Obama’s Jewish Inauguration

They used our tag line....

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Jeremy Gimpel

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Arutz 7

Watching the inauguration of Barack Obama changed my life. I didn’t plan on watching it. In fact, I forgot all about
I started feeling a pinch in my chest, a rock in my throat and tears welling up.
it. I don’t have a TV, but I happened to be near one the night of the inauguration. To me it just seemed like a good time to turn on the news and see what had happened that day around the globe. I had no idea that half of the world’s population was tuned into Washington to witness the change of leadership in America.

On TV I saw huge crowds of Americans all covering the streets of Washington. I heard that the security measures taken for the inauguration were unprecedented in world history. So I patiently watched and listened. All of sudden a blonde man took the podium and began his speech with “Let us pray....” He then continued, “Hear O’ Israel, the Lord our G-d, the Lord is One.” I started feeling a pinch in my chest, a rock in my throat and tears welling up in my eyes. So many emotions and thoughts were running through me.

“Hear O’ Israel”? Why is an American non-Jew, who’s speaking on behalf of the new non-Jewish president, saying our tag line? Shema Yisrael HaShem Elokeinu HaShem Echad is the Jewish mantra. It’s our national calling. The irony! What did that even mean? In the middle of his prayer, which I thought was better than Obama’s speech, I turned to a channel that shows all of the international news channels on the same screen. I was amazed to see CNN, BBC, France 24, Russia Today, Fox News, Al-Jazeera and others were all tuned in and focused on the president's inauguration. With the entire world completely focused on America, they seized the opportunity to say what we were chosen to always declare. A wave of righteous jealousy came over me.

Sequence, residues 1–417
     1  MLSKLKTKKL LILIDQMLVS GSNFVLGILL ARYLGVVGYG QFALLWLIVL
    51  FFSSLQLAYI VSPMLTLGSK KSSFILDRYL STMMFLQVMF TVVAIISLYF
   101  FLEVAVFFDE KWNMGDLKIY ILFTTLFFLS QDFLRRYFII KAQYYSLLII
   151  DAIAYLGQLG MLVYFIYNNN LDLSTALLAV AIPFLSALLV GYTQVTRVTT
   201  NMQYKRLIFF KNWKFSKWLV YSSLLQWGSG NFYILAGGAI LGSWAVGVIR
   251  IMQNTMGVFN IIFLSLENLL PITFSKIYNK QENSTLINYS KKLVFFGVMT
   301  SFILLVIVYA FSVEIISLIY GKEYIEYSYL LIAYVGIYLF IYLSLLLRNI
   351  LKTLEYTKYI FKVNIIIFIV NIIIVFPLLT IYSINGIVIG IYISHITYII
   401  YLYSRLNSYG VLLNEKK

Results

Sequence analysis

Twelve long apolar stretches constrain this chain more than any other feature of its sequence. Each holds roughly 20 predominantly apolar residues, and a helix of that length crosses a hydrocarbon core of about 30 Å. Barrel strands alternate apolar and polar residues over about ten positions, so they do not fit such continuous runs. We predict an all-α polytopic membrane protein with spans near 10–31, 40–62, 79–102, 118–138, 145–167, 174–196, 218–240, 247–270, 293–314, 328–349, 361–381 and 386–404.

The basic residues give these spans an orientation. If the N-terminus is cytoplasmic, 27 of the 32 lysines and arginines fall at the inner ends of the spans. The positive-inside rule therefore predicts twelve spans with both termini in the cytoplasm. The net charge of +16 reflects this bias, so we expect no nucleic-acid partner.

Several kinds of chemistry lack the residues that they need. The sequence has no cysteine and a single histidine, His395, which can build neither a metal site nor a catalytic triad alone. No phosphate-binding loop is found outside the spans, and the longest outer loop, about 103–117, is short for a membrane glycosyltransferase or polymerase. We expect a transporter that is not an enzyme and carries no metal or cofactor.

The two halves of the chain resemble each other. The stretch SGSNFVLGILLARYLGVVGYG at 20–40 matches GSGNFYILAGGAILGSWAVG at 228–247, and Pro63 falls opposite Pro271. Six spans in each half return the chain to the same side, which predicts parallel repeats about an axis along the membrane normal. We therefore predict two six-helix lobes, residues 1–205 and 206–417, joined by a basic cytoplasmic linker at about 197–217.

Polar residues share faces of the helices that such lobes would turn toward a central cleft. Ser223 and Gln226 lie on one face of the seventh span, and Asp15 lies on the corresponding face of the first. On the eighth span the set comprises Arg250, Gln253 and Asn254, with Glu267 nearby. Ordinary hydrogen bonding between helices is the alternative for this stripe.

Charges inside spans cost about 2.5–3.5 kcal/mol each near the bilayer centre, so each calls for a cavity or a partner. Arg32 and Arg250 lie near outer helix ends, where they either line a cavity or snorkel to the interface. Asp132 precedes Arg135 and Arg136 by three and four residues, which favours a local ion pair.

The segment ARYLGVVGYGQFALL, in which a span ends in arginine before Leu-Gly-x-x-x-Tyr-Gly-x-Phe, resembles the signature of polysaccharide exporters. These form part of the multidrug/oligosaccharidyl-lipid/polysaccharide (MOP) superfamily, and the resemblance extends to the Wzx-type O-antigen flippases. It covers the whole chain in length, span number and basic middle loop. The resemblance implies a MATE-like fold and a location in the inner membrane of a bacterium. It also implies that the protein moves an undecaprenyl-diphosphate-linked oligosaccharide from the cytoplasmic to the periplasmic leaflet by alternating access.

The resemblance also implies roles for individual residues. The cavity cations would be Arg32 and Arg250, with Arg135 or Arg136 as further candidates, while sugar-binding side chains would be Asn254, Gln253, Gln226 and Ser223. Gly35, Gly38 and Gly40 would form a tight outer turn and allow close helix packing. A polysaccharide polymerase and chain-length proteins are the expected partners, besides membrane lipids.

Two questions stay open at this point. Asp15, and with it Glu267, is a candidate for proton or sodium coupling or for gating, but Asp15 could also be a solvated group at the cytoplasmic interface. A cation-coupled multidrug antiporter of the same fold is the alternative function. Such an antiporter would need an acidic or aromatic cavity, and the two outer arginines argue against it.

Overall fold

I am not usually jealous of anyone or anything, but this was too much. Israel as a country models itself after America in almost every way possible, every way except for one. Israel would never start off a national ceremony in prayer. That would be too Jewish. And now a Christian Pastor named Rick Warren is calling out to the world, “Hear O’ Israel....” The man was calling out to the Jewish people and I don’t think he even knew it.

At that moment I made a promise that if I was ever given the opportunity to lead a ceremony in Israel, I would begin with a tefilah, a prayer. As fate would have it, about a week later I was asked to give the opening speech at the Sixth Annual Jerusalem Conference. The former Chief of Staff of the IDF, Moshe Ya’alon, was there, several other secular members of Knesset made an appearance, and hundreds of others from Israel and around the world came together to take part in the conference.
No one has ever opened up the night with a prayer. It’s simply not politically correct.

There have been many conferences in years past. No one has ever opened up the night with a prayer. It’s simply not politically correct or socially acceptable in Israel to pray in public. I was concerned what people would think. The conference was going to be broadcast on Channel 2 all across Israel. It was being translated simultaneously into three different languages. What could I do? I had just made a promise and I knew that no matter how unreasonable, the conference would commence with my saying a prayer on behalf of Israel. George Bernard Shaw once said, “Reasonable men adapt themselves to the world, unreasonable men attempt to adapt the world to themselves. That’s why all progress depends on unreasonable men.”

After saying the prayer and before introducing Ya’alon, the entire audience erupted in applause and cheers. Looking around the audience and seeing their response, I knew something great was accomplished that night. Funny how it took a Christian pastor from California to say “Hear O’ Israel” for the Jerusalem Conference to finally begin with a prayer.

May we see the day that the entire world tunes in to Israel to hear the Torah that will come forth from Zion.



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